Officials at the US foreign aid agency reacted with alarm to news of a controversial security pact between China and the Solomon Islands, describing the agreement as “very troubling” and “unfortunate”, newly released internal emails show.
The emails, obtained by Al Jazeera via a freedom of information request, reveal how officials at the United States Agency for International Development (USAID) scrambled to respond to reports earlier this year that Beijing was seeking to bolster security ties with the tiny Pacific Island nation.
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The Chinese and Solomon Islands governments formally signed the contentious pact in mid-April, despite concerns raised by the US, Australia and New Zealand, which fear the establishment of a Chinese military base in the strategically-located archipelago, the site of some of the fiercest fighting in World War II.
Beijing and Honiara have both denied any intention to establish a military base through the pact, a leaked draft of which allowed visits by Chinese warships and the deployment of Chinese police at Honiara’s request to maintain “social order”.
In an email reacting to a New York Times article about the proposed pact sent on March 28, Ryan Washburn, USAID mission director to the Philippines, Pacific Islands and Mongolia, expressed alarm about the agreement.
“Yikes! This is very troubling,” he said in an email to colleagues.
“Yes. Very troubling,” Regina MacKenzie, then USAID acting deputy director to the Pacific, replied in an email. “We’re working on a related tasker for Craig [Craig Hart, acting senior deputy assistant administrator for Asia] now. It should come to the FO later today.”
After China and the Solomon Islands proceeded with signing the pact the following month, USAID officials again expressed concern.
In an email sent on April 20, Sean Callahan, regional coordinator for Pacific Islands and Mongolia, likened the news of the pact to the Solomon Islands’s decision in 2019 to sever diplomatic ties with Taiwan in favour of China, which refuses to conduct formal diplomatic relations with countries that recognise Taipei.
“Yes it is deja vu all over again and we had to scramble when the switch happened right before the UNGA [United Nations General Assembly] in September 2019,” Callahan said. “The press and academia in Canberra and Wellington are making those same comparisons from 2019, too, referring that again we got ‘played’ by the PM.”
In a separate email thread on April 19, Callahan noted that some observers on social media believed the signing of the pact was deliberately carried out before the arrival of a bipartisan delegation of US legislators to the archipelago.
“Twitter lit up last night on this with the Australian audience, with some noting it was signed yesterday and done intentionally before the USG [US government] delegation was to arrive in Honiara,” he said.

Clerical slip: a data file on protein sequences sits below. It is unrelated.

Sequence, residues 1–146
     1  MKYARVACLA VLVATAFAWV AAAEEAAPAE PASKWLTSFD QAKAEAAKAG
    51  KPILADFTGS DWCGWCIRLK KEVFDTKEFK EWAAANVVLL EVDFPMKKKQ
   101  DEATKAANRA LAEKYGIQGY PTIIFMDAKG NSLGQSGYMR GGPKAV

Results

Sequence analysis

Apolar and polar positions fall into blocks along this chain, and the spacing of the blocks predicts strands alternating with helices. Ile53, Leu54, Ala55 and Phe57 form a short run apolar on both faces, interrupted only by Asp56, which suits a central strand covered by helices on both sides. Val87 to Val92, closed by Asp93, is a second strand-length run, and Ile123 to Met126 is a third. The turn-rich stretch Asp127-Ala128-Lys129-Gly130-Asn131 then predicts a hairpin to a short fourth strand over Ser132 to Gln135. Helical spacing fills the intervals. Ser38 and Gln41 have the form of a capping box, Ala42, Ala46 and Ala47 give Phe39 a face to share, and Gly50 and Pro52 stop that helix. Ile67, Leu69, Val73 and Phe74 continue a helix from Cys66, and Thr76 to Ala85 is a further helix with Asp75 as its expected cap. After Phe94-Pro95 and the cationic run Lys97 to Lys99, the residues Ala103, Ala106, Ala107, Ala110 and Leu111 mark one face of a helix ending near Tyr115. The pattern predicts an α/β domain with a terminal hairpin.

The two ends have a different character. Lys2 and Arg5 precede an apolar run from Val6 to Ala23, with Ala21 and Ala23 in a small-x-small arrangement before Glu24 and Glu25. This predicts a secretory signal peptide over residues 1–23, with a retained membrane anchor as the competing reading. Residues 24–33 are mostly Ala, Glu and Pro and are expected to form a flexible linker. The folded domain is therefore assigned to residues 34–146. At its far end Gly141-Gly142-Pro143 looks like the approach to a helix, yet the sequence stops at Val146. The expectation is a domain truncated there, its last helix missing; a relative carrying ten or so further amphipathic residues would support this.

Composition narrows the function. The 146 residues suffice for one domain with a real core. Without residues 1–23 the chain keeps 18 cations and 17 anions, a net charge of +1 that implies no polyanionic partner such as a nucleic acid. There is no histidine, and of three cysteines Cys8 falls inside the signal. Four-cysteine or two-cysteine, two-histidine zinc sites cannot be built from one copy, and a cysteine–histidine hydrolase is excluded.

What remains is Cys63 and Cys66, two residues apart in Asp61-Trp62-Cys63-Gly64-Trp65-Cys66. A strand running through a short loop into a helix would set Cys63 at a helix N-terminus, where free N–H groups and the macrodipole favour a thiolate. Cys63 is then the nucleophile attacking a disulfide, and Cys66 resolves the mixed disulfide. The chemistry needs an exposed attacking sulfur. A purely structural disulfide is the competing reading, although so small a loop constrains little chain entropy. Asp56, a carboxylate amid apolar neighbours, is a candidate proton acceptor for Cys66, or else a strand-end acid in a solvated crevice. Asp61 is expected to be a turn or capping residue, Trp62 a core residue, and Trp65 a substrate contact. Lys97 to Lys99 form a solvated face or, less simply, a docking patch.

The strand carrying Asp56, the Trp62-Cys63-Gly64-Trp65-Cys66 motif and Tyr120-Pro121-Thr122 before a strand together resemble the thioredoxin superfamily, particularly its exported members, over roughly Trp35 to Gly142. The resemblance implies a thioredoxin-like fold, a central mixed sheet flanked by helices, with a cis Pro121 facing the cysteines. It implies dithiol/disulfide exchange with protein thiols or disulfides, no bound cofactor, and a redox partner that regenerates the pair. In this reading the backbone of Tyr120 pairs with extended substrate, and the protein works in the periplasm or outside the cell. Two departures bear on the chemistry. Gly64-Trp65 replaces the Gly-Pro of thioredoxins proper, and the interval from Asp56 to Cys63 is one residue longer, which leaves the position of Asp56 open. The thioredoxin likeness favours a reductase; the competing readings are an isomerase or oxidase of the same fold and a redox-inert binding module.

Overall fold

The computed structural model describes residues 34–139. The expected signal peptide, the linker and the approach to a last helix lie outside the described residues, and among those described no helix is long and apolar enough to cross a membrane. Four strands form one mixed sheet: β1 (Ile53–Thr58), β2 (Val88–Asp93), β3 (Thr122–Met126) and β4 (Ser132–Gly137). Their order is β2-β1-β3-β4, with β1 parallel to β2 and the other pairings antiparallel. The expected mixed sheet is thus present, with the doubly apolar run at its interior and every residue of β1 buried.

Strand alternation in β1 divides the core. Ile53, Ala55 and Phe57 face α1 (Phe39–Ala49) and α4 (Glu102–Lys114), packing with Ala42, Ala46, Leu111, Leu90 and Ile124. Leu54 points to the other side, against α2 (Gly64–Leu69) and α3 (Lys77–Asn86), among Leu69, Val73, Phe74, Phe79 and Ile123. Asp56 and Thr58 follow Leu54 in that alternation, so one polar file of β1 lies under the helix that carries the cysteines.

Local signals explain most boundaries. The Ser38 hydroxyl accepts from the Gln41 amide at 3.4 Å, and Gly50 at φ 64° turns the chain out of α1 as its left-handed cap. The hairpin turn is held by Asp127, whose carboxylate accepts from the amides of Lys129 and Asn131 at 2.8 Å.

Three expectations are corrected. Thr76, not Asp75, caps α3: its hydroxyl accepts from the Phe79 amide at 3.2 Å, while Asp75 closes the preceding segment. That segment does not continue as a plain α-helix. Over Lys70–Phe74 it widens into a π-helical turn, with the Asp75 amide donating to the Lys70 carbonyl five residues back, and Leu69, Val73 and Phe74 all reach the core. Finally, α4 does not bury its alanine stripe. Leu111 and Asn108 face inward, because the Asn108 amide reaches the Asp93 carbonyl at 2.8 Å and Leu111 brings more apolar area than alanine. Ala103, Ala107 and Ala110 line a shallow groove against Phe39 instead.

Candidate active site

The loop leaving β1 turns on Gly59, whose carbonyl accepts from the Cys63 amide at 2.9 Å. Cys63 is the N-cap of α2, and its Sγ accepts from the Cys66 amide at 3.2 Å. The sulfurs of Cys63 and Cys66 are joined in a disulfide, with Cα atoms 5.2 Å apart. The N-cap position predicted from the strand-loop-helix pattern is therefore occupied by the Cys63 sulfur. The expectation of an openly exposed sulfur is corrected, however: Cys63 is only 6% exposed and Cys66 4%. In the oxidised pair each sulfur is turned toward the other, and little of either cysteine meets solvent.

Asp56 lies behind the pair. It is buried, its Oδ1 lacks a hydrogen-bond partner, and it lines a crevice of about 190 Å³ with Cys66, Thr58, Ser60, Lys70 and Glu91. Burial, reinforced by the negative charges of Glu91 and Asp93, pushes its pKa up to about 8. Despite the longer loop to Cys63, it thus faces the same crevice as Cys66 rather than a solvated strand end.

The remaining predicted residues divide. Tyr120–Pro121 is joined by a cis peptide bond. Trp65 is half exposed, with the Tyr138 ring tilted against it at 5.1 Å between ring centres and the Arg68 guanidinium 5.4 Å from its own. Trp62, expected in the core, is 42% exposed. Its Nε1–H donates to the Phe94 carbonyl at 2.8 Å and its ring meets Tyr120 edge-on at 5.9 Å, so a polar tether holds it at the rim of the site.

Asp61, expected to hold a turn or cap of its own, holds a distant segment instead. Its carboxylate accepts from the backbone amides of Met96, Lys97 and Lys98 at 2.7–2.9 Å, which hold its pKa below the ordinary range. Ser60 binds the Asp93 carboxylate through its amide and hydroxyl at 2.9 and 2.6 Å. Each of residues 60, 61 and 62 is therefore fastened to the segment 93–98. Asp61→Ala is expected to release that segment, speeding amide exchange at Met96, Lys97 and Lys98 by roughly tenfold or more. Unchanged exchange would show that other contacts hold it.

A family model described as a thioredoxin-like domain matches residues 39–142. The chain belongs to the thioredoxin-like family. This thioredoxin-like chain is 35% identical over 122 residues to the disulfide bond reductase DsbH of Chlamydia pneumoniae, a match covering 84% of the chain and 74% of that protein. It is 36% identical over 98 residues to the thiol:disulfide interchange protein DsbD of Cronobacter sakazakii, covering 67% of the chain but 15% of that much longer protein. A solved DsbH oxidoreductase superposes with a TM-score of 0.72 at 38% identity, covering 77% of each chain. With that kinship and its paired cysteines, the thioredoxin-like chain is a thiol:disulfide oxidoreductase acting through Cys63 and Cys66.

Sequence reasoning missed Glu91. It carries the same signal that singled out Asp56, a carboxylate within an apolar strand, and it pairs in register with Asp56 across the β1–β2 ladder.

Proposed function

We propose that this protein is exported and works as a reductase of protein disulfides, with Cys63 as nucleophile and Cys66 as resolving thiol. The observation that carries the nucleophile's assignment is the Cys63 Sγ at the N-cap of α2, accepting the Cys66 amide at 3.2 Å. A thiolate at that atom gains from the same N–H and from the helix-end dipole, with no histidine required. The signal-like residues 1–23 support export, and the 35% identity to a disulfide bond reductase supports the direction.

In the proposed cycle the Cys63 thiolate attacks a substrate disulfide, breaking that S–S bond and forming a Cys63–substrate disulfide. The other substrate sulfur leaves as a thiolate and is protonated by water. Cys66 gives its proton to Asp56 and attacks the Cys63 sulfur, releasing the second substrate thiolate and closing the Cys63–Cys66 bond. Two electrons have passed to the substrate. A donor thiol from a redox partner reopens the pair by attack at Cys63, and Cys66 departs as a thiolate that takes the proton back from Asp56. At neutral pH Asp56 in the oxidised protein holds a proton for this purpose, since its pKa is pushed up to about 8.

“I did see that mentioned that the PRC MFA [Chinese Ministry of Foreign Affairs] announced it but not sure if this was accurate.”
USAID did not respond to a request for comment from Al Jazeera.
Last week, a senior White House official said Washington was preparing to announce a major initiative aimed at addressing issues of concern for Pacific Island nations, including climate change and regional security.
Kurt Campbell, a top national security official for Asia, said the Biden administration would announce plans for a “very detailed set of engagements” with countries in the region this week.
The initiative comes after China in May failed to secure agreement for a sweeping trade and security pact with 10 Pacific Island states that would have dramatically increased its influence in the region.
Tess Newton Cain, project lead for the Pacific Hub at the Griffith Asia Institute in Brisbane, Australia, said Washington’s moves to ramp up engagement with Pacific Island states come after years of being “largely absent”.
“This has manifested in several ways, including closing embassies, withdrawing Peace Corps volunteers and cutting aid to the region,” Newton Cain told Al Jazeera.
“In Solomon Islands, there has been a long, drawn-out process towards implementing an MCC project which would likely have a big impact – the one in Vanuatu certainly did – but seems to be taking forever to get going,” Newton Cain added, referring to the Millennium Challenge Corporation, a US aid agency that operates independently of USAID and the US State Department.
“However, that is not to say that if these things had been in place that the security agreement would not have been signed. I think the main drivers for this are domestic and are largely fuelled by domestic politics.”